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U.K. insulin use trebles in twenty years as diabetes rates increase

In the United Kingdom the estimated number of people with diabetes has risen from 1.4 million to 2.8 million between 1996 and 2010, and new research in Diabetes, Obesity and Metabolism has found that insulin use has trebled across the population in the last twenty years.

The financial cost of insulin to the National Health Service increased from £156 million in 2000 to £359 million in 2009, due in part to the introduction of more expensive insulin analogues and the more frequent use of insulin by type 2 diabetics.

The research team, based at the University of Cardiff, aimed to calculate the rise of insulin use in type 1 and type 2 diabetics in the U.K. They turned to the Clinical Practice Research Datalink, which holds data for 12 million patients registered across 660 practices.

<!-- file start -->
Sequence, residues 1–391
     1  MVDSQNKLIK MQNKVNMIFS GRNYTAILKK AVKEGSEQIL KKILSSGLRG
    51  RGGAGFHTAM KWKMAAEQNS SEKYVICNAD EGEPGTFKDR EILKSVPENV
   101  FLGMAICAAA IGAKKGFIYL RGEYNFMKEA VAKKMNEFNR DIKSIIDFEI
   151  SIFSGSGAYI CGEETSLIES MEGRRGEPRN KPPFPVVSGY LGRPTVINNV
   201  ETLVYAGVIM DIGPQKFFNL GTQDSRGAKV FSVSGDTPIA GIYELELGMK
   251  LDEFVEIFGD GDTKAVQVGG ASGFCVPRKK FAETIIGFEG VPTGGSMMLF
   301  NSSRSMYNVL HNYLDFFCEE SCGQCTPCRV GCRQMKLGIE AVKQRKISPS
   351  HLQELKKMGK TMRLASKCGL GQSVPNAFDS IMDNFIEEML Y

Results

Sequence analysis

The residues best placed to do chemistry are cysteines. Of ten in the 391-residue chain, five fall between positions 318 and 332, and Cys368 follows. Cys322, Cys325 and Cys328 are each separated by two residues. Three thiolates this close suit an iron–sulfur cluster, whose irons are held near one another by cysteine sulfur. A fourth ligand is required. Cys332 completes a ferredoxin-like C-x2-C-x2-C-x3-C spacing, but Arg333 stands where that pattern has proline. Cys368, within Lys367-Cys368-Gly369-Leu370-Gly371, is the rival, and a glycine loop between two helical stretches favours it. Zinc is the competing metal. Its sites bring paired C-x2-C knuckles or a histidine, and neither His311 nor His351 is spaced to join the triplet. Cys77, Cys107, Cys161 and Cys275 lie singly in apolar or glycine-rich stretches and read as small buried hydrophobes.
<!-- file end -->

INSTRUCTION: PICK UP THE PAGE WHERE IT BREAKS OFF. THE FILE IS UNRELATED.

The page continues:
The results show an increase in the rate of insulin use from 2.43 per 1,000 population in 1991 to 6.71 per 1,000 in 2010.

“The number of people using insulin trebled between 1991 and 2010, largely due to a considerable increase in the number of people with type 2 diabetes using insulin,” said Professor Craig Currie from Cardiff University. “The rising prevalence of insulin use probably reflects both increasing incidence and longer survival of those who already have type 2 diabetes.”


How many people inject insulin? UK estimates from 1991 to 2010, Authors: Sarah E Holden PhD student, Edwin AM Gale emeritus professor of diabetic medicine, Sara Jenkins-Jones research fellow, Craig J Currie professor of applied pharmacoepidemiology, Diabetes, Obesity and Metabolism – DOI: 10.1111/dom.12260